Performance is often at odds with security. One security threat comes in the form of symbolic links. Although symbolic links simplify administration, you need to be careful about any potential problems.
When an application such as Apache tries to read a file, the work is done by a set of libraries provided by the operating system. The application normally is not aware of whether the file is a real file or a symbolic link. To prevent Apache from inadvertently accessing locations that it shouldn't, the system normally will not follow symbolic links. However, in some cases you might want to follow symbolic links, so you are provided two options – FollowSymlinks and SymlinksIfOwnerMatch – either of which can be set in any Options directive.
As the names imply, FollowSymlinks tells Apache to following the symbolic links it encounters, whereas SymlinksIfOwnerMatch says only follow them if the owner of the source and target are the same.
Loss of performance comes when neither FollowSymlinks or SymlinksIfOwnerMatch are used. Before opening the target file, Apache needs to check whether any of the elements in the path are symbolic links. If so, access is denied. If FollowSymlinks is enabled, this check is not done, and file access is a little bit faster. In the case of SymlinksIfOwnerMatch, an additional check still needs to ensure that the user ID matches in every case. Even if you don't use symbolic links, it is worthwhile to include FollowSymlinks to give yourself a little performance boost.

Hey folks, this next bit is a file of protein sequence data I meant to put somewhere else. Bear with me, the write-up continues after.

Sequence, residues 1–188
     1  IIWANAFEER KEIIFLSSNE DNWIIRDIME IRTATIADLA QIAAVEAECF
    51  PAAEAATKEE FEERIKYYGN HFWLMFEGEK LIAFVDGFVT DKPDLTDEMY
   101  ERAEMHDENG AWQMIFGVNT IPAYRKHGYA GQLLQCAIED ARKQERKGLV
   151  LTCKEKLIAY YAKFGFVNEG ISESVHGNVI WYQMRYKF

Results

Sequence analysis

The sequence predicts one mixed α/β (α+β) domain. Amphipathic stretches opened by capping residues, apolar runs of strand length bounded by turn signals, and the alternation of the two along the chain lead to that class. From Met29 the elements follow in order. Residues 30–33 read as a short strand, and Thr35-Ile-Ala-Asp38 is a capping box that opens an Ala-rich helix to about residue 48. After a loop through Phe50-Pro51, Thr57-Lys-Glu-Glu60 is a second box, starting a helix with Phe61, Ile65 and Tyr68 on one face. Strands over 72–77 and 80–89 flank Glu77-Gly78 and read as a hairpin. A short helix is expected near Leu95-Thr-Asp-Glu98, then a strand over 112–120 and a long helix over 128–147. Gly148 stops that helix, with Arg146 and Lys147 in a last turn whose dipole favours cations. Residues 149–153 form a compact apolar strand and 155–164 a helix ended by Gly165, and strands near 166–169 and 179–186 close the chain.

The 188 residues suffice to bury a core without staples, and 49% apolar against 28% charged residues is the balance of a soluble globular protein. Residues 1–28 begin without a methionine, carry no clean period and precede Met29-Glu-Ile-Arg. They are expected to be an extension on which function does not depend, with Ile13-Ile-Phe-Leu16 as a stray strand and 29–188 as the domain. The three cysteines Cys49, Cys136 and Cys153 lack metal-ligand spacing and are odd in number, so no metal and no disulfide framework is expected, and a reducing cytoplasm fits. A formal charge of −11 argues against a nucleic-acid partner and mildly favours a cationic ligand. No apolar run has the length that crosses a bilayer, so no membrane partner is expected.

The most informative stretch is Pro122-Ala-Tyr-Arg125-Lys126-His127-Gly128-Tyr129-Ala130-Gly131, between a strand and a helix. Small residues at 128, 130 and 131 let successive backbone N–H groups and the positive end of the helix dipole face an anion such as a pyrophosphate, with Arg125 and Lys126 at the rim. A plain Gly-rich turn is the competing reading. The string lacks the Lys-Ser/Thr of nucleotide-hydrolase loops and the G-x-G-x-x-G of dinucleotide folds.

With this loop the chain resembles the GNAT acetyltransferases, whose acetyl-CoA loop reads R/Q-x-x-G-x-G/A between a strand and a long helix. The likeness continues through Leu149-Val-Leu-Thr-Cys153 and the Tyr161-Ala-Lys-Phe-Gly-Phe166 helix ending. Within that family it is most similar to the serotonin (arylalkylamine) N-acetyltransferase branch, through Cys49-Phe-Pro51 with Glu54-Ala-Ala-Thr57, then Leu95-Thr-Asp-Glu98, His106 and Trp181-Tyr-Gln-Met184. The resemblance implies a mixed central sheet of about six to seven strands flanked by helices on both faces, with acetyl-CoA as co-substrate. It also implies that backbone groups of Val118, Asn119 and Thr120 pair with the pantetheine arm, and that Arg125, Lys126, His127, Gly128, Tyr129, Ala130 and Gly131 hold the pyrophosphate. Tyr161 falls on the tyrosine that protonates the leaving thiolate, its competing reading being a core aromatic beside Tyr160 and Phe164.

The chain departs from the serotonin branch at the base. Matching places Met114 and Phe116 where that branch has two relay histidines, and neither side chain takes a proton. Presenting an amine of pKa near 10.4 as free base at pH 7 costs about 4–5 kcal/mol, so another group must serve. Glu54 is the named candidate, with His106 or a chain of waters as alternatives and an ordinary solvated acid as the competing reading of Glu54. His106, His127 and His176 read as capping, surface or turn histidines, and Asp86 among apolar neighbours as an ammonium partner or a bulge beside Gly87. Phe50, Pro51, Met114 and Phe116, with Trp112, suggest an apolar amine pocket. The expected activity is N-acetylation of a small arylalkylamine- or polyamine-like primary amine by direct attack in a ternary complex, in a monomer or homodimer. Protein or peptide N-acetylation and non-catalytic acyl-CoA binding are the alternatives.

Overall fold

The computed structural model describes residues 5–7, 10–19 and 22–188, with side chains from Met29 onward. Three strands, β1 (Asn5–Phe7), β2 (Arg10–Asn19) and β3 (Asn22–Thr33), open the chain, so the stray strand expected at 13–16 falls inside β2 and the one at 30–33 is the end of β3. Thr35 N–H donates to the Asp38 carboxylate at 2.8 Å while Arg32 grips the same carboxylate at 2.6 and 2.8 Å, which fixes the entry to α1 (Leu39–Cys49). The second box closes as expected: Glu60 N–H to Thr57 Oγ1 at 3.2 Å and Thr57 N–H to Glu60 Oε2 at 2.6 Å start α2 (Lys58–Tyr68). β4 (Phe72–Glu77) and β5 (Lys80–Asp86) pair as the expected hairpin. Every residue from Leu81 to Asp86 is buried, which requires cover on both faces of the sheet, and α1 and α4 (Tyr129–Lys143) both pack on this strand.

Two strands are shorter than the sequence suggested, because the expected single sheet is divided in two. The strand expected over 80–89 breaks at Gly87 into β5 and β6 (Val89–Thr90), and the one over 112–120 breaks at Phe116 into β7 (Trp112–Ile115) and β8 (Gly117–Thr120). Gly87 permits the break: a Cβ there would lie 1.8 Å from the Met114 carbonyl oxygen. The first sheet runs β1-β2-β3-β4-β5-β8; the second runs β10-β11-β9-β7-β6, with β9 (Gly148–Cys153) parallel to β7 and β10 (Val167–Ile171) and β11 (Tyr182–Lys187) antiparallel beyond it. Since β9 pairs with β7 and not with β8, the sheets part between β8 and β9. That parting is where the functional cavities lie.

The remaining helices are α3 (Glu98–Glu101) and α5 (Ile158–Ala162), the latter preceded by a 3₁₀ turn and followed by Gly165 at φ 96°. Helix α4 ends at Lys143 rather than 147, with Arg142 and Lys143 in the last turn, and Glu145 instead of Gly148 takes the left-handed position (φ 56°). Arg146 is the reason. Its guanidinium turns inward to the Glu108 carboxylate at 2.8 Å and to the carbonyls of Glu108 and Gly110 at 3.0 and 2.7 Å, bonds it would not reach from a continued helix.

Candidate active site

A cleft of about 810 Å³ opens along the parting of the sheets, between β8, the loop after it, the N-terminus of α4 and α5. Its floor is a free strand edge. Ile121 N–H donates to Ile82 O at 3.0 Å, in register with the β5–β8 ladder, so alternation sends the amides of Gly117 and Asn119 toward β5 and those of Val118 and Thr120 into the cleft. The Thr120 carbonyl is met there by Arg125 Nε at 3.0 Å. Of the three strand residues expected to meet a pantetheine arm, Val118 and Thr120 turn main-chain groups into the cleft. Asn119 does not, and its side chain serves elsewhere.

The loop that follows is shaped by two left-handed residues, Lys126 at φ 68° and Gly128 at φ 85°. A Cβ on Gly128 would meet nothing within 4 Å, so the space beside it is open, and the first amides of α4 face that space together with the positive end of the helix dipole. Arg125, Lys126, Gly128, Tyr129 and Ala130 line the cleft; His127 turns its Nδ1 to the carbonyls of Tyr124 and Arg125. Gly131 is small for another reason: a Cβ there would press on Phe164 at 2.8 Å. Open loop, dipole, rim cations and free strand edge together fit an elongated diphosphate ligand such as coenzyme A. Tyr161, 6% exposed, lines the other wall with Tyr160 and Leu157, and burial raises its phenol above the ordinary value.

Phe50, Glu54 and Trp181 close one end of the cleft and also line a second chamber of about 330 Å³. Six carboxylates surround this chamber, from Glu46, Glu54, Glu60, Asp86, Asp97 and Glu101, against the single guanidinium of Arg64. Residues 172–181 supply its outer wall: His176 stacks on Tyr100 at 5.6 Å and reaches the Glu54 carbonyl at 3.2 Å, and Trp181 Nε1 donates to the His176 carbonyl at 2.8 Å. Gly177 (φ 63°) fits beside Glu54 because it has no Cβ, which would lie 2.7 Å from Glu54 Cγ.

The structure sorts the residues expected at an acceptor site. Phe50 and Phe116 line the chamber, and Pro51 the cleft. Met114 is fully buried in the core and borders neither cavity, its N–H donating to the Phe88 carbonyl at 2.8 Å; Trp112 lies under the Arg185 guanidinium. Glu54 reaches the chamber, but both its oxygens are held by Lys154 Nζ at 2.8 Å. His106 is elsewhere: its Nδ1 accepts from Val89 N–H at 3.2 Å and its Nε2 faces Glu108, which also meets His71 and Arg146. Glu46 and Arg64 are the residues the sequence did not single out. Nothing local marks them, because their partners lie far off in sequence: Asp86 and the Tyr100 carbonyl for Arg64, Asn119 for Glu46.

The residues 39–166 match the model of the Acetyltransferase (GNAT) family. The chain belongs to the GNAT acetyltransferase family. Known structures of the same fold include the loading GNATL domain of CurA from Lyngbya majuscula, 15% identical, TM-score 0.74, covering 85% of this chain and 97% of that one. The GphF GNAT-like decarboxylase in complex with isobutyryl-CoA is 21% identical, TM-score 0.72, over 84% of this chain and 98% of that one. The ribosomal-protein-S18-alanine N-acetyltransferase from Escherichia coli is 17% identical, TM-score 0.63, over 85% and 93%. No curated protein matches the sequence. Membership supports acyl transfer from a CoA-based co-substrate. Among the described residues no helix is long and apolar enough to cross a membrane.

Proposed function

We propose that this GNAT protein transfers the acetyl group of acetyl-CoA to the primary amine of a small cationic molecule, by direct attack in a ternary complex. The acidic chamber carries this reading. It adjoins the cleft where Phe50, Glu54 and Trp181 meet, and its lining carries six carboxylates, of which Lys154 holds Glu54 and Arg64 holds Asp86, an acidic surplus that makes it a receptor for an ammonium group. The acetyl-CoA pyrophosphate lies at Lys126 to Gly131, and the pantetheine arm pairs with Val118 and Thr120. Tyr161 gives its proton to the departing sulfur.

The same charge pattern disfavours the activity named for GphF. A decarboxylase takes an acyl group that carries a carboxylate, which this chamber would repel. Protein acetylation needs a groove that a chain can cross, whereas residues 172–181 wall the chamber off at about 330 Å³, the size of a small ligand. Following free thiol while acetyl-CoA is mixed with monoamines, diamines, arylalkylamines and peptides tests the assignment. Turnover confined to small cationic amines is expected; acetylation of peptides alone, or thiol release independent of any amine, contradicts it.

Most of the web servers I have worked with have been virtual domains of one type or another. Sometimes I have complete root access and can configure things as I see fit. In other cases, I am one of dozens of other domains on a single machine, so the webmasters aren't given full access. To simplify configuration, Apache systems that don't provide the webmaster with full access are often configured to let the webmaster make changes through the .htaccess file in the project directory. Unlike changes made directly in the server or virtual host configuration, changes made to .htaccess are active the very next time the server tries to access something underneath the specified directory. To enable this feature, you need to turn on the AllowOverride option.
By default, Apache checks for a file named .htaccess. (The name of this file is configurable with the AccessFileName directive, but I have never seen a system that used a different name.)
Before serving the files in a directory, Apache will first look for .htaccess if AllowOverride is enabled. This check takes time and is wasteful if you will never have any .htaccess files. To make matters worse, Apache checks in all of the parent directories for .htaccess. Depending on where the file for the web server resides (DocumentRoot), this could be several layers deep.